Black-tailed prairie dogs, Cynomys ludovicianus, now inhabit a small fraction of their original range in the Great Plains. We monitored a population of black-tailed prairie dogs at Scotts Bluff National Monument, Nebraska, from colonization in 1981 until 2009 (28 years). Colony boundaries were mapped by delineating clip lines and active burrows; population densities were estimated via visual counts. Estimates of total population size revealed 4 distinct periods of changing dynamics: (1) a linear increase, (2) a decline and prolonged depression, (3) an exponential increase, and (4) a period of high variability. Area occupied revealed similar, although less-defined trends, whereas densities fluctuated greatly (8-80 individuals • ha-1). Even after almost 30 years, this population remains relatively small. Decreases in the population may have been due, in part, to predation by badgers, although sylvatic plague cannot be ruled out. Black-tailed prairie dogs are recognized as keystone grassland species, and attempts are underway to reintroduce them to parts of their historic range. Our data suggest that black-tailed prairie dogs possess high potential for rapid population growth and decline, regardless of colony size. Therefore, either human-assisted or natural dispersal events may be important in establishing colonies in suitable habitat.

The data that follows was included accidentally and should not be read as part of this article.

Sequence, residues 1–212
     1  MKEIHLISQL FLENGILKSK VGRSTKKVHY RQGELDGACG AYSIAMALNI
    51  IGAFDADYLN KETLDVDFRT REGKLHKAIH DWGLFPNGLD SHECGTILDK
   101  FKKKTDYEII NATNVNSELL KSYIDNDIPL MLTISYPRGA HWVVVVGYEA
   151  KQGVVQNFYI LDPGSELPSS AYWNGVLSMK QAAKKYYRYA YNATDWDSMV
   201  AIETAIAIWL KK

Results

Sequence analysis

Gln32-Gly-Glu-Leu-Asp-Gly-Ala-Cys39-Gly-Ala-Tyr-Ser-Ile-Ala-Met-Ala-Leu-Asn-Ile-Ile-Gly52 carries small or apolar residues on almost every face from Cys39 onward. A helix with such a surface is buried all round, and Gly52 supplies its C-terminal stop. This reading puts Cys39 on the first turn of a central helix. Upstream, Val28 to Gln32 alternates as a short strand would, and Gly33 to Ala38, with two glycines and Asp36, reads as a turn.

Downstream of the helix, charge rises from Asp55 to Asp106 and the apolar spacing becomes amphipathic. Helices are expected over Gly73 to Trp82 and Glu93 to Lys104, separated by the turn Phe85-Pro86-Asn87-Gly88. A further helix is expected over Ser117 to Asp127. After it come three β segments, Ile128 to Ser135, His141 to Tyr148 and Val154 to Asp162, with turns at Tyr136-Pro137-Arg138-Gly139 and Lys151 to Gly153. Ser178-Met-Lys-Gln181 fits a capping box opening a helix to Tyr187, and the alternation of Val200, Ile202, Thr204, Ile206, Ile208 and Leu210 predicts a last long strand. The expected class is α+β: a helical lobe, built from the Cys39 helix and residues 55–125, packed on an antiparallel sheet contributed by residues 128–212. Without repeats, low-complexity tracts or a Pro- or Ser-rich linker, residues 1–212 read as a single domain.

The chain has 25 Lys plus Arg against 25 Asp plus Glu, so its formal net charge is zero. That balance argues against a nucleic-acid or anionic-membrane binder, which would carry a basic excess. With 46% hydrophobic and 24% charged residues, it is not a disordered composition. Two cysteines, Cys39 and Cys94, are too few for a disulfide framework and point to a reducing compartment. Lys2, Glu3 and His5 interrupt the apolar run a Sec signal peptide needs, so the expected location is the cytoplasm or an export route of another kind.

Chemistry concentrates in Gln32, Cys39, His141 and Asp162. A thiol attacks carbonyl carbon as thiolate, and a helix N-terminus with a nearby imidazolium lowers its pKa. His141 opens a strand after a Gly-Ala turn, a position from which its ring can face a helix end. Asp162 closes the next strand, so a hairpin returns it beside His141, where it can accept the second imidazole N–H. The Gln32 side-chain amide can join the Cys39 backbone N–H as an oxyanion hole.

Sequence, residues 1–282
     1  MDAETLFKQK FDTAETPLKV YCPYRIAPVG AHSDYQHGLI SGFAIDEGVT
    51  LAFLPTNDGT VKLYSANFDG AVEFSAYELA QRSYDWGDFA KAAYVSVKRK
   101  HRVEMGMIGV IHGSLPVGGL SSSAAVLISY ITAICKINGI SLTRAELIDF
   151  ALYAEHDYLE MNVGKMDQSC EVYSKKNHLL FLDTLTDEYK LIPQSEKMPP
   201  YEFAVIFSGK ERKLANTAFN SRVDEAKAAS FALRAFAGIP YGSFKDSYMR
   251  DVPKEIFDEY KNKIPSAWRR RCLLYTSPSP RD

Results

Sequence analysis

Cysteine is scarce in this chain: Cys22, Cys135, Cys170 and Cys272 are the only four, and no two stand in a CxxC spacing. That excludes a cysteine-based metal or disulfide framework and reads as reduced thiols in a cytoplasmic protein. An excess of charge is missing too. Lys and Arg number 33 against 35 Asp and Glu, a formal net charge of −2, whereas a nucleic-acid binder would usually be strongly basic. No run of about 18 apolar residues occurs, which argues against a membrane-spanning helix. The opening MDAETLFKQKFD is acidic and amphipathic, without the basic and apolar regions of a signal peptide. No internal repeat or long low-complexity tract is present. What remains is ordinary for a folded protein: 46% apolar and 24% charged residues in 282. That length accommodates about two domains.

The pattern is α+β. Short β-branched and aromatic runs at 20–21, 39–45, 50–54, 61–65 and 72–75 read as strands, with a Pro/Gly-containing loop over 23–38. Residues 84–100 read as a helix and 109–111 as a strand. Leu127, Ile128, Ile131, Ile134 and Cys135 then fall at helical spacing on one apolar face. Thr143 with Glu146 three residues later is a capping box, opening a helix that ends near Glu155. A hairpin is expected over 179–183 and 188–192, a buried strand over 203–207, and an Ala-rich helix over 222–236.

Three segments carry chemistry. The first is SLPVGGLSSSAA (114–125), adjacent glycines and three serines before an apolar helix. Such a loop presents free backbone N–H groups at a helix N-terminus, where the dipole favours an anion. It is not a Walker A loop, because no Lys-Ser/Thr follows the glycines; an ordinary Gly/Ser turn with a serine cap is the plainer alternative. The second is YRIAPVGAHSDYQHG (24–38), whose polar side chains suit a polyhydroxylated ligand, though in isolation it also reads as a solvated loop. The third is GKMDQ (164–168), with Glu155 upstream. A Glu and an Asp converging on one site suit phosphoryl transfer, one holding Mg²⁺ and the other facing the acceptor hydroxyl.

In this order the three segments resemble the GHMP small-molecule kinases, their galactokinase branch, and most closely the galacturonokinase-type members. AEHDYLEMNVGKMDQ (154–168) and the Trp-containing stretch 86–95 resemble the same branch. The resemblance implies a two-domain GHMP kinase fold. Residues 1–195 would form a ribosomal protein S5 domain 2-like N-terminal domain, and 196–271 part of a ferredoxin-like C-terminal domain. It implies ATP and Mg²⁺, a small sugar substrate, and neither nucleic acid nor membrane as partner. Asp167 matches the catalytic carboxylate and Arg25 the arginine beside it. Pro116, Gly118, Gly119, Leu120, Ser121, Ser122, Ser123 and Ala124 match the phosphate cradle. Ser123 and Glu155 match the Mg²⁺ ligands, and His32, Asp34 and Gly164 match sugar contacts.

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© 2011 Brigham Young University

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Western North American Naturalist